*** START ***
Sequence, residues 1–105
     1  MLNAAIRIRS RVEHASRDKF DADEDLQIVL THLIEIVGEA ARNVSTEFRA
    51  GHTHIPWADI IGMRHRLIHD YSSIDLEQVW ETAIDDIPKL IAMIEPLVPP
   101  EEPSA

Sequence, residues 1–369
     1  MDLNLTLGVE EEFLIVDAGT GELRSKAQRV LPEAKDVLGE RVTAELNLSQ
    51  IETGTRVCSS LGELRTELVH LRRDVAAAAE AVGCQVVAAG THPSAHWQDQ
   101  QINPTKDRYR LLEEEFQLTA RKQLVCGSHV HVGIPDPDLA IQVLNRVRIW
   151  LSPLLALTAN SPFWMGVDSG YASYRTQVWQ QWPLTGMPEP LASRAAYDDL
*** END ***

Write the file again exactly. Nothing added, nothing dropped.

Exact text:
Sequence, residues 1–105
     1  MLNAAIRIRS RVEHASRDKF DADEDLQIVL THLIEIVGEA ARNVSTEFRA
    51  GHTHIPWADI IGMRHRLIHD YSSIDLEQVW ETAIDDIPKL IAMIEPLVPP
   101  EEPSA

Sequence, residues 1–369
     1  MDLNLTLGVE EEFLIVDAGT GELRSKAQRV LPEAKDVLGE RVTAELNLSQ
    51  IETGTRVCSS LGELRTELVH LRRDVAAAAE AVGCQVVAAG THPSAHWQDQ
   101  QINPTKDRYR LLEEEFQLTA RKQLVCGSHV HVGIPDPDLA IQVLNRVRIW
   151  LSPLLALTAN SPFWMGVDSG YASYRTQVWQ QWPLTGMPEP LASRAAYDDL